- The Washington Times - Wednesday, December 2, 2009

NEW YORK (AP) | A judge declared a mistrial Tuesday at the racketeering trial of John “Junior” Gotti after a jury failed to reach a verdict against the son of the notorious Gambino crime family mob boss — the case’s fourth hung jury in five years.

The anonymous jurors deliberated 11 days before notifying the judge they were hopelessly deadlocked over racketeering conspiracy and murder charges. Prosecutors accused Mr. Gotti of ordering gangland hits to settle scores and of secretly pocketing drug money despite insisting he’d gone straight.

Shortly after 3 p.m. Tuesday, the jury sent U.S. District Judge Kevin P. Castel a note that read: “Judge Castel, we cannot reach a unanimous decision on any count. We are deadlocked. There is not one member of the jury who believes that we can reach a unanimous verdict on any count.”

Judge Castel notified the jury that he was declaring a mistrial, and applause erupted in the courtroom among Gotti supporters. Once the jury left the courtroom, Mr. Gotti hugged his attorney. Whether he would be granted bail was to be decided at a hearing later.

Victoria Gotti, Mr. Gotti’s sister, tearfully said outside court: “We’re ravaged. We’re beaten down, but we’re not broken.”

Asked about a possibility of another trial, she said: “Just let it go. We’re no organized crime family. We’re a family. That’s all we are.”

Three previous trials in the same Manhattan courthouse — arguing that Mr. Gotti, 45, orchestrated a kidnapping and attempted murder plot against Guardian Angels founder Curtis Sliwa — ended in hung juries in 2005 and 2006.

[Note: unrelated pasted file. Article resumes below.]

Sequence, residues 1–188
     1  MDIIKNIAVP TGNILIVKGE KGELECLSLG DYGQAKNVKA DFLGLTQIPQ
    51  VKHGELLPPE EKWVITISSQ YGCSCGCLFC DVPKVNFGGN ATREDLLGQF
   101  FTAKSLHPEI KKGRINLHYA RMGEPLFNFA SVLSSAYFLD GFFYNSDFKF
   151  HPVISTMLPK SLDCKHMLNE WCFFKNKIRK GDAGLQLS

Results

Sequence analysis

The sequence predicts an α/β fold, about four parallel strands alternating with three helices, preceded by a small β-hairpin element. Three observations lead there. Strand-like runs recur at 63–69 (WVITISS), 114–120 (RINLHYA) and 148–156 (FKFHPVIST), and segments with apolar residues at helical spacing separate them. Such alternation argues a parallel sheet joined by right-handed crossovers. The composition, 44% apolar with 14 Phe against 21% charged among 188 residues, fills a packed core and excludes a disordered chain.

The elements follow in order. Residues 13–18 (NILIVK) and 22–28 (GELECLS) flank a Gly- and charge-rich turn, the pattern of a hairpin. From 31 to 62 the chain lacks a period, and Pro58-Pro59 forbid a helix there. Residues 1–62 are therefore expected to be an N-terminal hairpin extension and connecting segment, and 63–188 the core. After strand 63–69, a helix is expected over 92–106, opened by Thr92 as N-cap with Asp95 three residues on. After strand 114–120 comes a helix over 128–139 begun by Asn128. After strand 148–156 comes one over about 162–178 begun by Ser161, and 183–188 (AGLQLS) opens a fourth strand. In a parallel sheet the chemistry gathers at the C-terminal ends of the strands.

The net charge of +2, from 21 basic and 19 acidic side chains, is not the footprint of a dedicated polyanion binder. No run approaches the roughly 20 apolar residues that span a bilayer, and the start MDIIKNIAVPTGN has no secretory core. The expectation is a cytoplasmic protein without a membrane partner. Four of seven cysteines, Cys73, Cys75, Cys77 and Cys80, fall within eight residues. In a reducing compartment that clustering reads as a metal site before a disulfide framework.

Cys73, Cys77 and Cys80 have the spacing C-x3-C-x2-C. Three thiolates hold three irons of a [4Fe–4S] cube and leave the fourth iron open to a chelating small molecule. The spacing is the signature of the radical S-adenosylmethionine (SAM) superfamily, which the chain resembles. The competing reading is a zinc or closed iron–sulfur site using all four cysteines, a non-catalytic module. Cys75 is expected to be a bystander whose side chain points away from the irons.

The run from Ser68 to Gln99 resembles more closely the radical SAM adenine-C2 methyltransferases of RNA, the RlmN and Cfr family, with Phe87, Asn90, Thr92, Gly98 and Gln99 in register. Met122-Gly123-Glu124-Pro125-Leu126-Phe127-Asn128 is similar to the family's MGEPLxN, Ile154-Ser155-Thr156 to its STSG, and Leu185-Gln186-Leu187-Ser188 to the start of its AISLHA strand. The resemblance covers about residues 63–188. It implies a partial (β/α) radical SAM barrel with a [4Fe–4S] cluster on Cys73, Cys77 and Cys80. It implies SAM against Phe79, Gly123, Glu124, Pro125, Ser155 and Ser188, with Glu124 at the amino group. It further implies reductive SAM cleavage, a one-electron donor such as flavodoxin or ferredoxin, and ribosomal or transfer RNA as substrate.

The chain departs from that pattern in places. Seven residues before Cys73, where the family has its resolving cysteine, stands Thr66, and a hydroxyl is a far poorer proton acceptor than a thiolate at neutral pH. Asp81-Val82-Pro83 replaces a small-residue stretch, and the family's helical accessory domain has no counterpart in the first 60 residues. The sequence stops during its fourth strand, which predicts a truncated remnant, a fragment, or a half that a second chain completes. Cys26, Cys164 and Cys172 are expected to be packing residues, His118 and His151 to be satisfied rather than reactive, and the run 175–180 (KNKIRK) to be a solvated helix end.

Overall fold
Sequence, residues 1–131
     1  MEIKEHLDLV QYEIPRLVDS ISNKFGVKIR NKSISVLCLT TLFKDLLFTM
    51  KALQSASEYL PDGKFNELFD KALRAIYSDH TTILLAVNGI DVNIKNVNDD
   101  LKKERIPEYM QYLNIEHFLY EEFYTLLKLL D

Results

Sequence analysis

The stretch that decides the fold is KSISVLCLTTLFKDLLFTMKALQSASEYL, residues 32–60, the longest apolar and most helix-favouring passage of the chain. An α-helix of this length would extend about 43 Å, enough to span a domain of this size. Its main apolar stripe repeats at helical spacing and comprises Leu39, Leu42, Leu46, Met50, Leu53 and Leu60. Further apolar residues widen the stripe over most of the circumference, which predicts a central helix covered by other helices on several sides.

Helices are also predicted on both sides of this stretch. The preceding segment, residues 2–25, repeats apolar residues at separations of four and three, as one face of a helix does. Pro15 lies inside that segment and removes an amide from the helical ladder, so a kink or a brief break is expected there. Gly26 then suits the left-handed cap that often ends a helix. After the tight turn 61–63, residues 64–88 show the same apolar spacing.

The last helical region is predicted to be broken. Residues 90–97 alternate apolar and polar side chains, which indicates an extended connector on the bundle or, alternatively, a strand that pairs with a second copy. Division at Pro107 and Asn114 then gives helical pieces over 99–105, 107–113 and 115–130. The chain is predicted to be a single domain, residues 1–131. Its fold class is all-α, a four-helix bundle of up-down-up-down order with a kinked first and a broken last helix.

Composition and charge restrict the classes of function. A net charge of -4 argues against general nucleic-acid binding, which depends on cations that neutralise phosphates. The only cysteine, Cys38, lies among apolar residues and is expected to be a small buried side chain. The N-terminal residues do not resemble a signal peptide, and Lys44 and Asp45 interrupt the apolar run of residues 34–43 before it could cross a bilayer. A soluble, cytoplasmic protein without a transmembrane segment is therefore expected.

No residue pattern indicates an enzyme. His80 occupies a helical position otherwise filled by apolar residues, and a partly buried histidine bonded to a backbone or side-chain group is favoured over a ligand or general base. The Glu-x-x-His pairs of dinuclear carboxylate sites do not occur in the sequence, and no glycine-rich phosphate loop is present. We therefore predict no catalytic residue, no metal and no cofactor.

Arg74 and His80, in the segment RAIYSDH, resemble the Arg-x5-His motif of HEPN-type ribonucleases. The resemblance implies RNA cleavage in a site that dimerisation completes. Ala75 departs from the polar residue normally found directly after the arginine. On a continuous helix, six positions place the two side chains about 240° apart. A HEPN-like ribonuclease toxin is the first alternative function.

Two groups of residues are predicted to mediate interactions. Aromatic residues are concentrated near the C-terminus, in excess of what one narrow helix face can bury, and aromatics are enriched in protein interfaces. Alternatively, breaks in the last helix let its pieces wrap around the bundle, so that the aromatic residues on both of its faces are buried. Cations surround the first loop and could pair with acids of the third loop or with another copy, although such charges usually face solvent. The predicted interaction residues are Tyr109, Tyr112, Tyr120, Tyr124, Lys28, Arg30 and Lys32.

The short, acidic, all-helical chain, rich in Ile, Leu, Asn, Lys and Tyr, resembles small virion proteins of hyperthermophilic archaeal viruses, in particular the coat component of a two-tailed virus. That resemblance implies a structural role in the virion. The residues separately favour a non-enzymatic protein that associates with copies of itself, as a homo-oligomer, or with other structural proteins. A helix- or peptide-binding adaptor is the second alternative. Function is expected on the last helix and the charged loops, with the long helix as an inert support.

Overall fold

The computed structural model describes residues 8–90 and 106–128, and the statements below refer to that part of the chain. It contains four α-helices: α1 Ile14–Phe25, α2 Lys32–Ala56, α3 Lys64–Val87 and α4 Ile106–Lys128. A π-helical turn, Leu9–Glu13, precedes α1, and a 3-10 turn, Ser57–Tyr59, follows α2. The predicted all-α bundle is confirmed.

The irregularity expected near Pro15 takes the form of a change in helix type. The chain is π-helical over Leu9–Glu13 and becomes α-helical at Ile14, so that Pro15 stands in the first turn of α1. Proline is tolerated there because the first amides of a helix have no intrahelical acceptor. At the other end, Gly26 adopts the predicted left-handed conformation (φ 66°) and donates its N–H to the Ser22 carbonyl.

Prosecutors in the latest case renewed the Sliwa accusation and also raised the stakes by alleging that Mr. Gotti left behind a trail of bodies while following in the footsteps of the late John “Dapper Don” Gotti. Claims by the Don’s eldest son that he quit the Mafia in 1999 were preposterous, they said.

“It makes no sense,” Assistant U.S. Attorney James Trezevant said in closing arguments. “He never, never quit that life.”

In his closing argument, Mr. Gotti’s lawyer recounted how Mr. Gotti, while visiting his imprisoned-for-life father, confided that he didn’t have the stomach for La Cosa Nostra.

“It’s not working for me, and it’s not working for my kids,” attorney Charles Carnesi quoted his client as saying.

Mr. Carnesi also attacked the prosecution’s turncoat witnesses. He argued that they were willing to tell lies about Mr. Gotti to reduce their own prison sentences.

The government’s star witness was John Alite, a Gambino enforcer who testified about the younger Gotti’s rise through the family ranks, and about his violent temper. He said Mr. Gotti once shot a man for mocking the size of his handgun.

“Is this big enough?” Mr. Alite quoted Mr. Gotti as saying as he grabbed a nearby rifle and shot the man in the hip.

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